The Canadian Privacy Law Blog: Developments in privacy law and writings of a Canadian privacy lawyer, containing information related to the Personal Information Protection and Electronic Documents Act (aka PIPEDA) and other Canadian and international laws.

Search this blog

Recent Posts

On Twitter

About this page and the author

The author of this blog, David T.S. Fraser, is a Canadian privacy lawyer who practices with the firm of McInnes Cooper. He is the author of the Physicians' Privacy Manual. He has a national and international practice advising corporations and individuals on matters related to Canadian privacy laws.

For full contact information and a brief bio, please see David's profile.

Please note that I am only able to provide legal advice to clients. I am not able to provide free legal advice. Any unsolicited information sent to David Fraser cannot be considered to be solicitor-client privileged.

David Fraser's Facebook profile

Privacy Calendar



Subscribe with Bloglines

RSS Atom Feed

RSS FEED for this site

Subscribe to this Blog as a Yahoo! Group/Mailing List
Powered by

Subscribe with Bloglines
Add to Technorati Favorites!

Blogs I Follow

Small Print

The views expressed herein are solely the author's and should not be attributed to his employer or clients. Any postings on legal issues are provided as a public service, and do not constitute solicitation or provision of legal advice. The author makes no claims, promises or guarantees about the accuracy, completeness, or adequacy of the information contained herein or linked to. Nothing herein should be used as a substitute for the advice of competent counsel.

This web site is presented for informational purposes only. These materials do not constitute legal advice and do not create a solicitor-client relationship between you and David T.S. Fraser. If you are seeking specific advice related to Canadian privacy law or PIPEDA, contact the author, David T.S. Fraser.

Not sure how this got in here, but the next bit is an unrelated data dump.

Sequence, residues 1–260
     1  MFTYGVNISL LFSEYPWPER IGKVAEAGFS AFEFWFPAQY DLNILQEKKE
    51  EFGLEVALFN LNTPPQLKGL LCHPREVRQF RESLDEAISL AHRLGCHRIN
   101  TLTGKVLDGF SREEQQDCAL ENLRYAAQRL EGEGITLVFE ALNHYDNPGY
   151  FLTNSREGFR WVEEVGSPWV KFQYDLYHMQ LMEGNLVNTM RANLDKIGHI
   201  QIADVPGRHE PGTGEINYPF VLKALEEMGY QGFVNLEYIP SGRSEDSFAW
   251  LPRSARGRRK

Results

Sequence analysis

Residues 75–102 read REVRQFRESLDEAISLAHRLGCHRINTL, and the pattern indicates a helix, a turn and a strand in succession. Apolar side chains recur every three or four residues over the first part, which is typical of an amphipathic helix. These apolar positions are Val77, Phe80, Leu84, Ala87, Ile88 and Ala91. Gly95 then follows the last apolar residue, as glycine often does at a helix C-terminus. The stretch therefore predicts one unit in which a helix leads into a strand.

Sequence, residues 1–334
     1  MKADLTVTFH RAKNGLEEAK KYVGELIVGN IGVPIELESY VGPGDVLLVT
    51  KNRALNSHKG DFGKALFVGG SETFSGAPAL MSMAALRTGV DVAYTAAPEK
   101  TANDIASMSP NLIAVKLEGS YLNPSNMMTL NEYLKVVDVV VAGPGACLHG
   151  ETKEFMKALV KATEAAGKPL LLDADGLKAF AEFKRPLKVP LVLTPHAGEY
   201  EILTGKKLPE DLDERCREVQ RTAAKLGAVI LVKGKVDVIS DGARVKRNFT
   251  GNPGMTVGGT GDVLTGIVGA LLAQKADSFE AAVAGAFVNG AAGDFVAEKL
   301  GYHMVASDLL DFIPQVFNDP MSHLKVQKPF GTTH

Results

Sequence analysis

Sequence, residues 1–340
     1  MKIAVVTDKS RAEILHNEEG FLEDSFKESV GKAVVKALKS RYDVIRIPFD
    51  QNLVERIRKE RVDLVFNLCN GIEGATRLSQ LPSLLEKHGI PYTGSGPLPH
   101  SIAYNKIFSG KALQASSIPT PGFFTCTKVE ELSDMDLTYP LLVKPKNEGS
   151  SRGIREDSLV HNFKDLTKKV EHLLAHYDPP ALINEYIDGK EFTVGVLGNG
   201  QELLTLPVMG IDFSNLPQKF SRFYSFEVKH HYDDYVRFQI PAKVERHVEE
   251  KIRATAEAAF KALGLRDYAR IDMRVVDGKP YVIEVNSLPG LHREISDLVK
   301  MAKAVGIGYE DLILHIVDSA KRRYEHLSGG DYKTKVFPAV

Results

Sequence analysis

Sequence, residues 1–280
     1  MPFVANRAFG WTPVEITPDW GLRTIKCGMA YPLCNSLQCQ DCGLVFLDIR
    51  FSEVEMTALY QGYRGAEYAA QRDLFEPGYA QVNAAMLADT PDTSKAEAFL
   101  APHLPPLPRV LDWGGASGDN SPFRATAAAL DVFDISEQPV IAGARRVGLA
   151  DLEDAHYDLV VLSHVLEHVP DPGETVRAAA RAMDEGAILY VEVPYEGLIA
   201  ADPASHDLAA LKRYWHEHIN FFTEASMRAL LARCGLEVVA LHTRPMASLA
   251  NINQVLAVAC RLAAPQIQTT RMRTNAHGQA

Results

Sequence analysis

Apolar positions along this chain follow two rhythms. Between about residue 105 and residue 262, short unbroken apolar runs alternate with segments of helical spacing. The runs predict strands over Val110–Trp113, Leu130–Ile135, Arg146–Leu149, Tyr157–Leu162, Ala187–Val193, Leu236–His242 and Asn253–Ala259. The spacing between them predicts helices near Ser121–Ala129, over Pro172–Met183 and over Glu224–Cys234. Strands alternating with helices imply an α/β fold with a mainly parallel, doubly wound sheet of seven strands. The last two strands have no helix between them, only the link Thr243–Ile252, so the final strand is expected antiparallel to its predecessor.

Saturday, March 03, 2007 pawns off webmail service to US provider; says PIPEDA no longer applies 

Apparently, CanWestGlobalAsperOmniMedia has outsourced the e-mail service to an American company, Velocity Services, Inc.

This is the blurb from the website:


Where will my e-mail account information be stored? e-mail (the "Service") is provided by Velocity Services, Inc. ("VSI"), a company located in and conducting its business from the United States. By registering for and/or logging on to the Service, you accept and acknowledge that the information processed or stored outside of Canada may be available to the foreign government of the country in which the information or the entity controlling it, is situated under a lawful order made in that jurisdiction and no longer falls under the jurisdiction of Canada's Personal Information Protection and Electronic Documents Act ("PIPEDA") nor be subject to's Privacy Statement.

That's all well and good, but I'm pretty confident that you can't wave a magic wand and say that PIPEDA no longer applies. Either of two things have happened here: (a) VSI is providing this service on behalf of CanWest, or (b) CanWest has now sold's e-mail service to VSI. In neither case would PIPEDA cease to apply. For Canadian customers, there is enough of a real and substantial connection between the service and Canada for Canadian laws to apply. This would include PIPEDA.

In this conclusion, I have some comfort in the recent decision in Lawson v. Accusearch Inc., 2007 FC 125 (CanLII):

"[49] We revert to geographical considerations, and the concept of forum non conveniens. The collection and communication of private information was both here (Canada) and there (United States) (Libman v. The Queen, 1985 CanLII 51 (S.C.C.), [1985] 2 S.C.R. 178). The location of the website and the jurisdiction in which Accusearch Inc. was incorporated are not all controlling.

[50] It would not be appropriate to comment further on the discretion, if any, of the Commissioner to decline to exercise the jurisdiction given her by Parliament. The decision before me was that Parliament had not given her jurisdiction. However, I raise this point of discretion because it may be relevant when this matter is referred back to her for further investigation, or in other complaints. We do not know the status of the complaint filed in the United States, or the risk of double jeopardy to the respondent.

[51] In conclusion, PIPEDA gives the Privacy Commissioner jurisdiction to investigate complaints relating to the transborder flow of personal information."

Thanks to Canadian Journalist :: now ...AMERICAN??? for the link. Time to cancel my old e-mail account.


Links to this post:

Create a Link

This page is powered by Blogger. Isn't yours? Creative Commons License
The Canadian Privacy Law Blog is licensed under a Creative Commons Attribution-Noncommercial-No Derivative Works 2.5 Canada License. lawyer blogs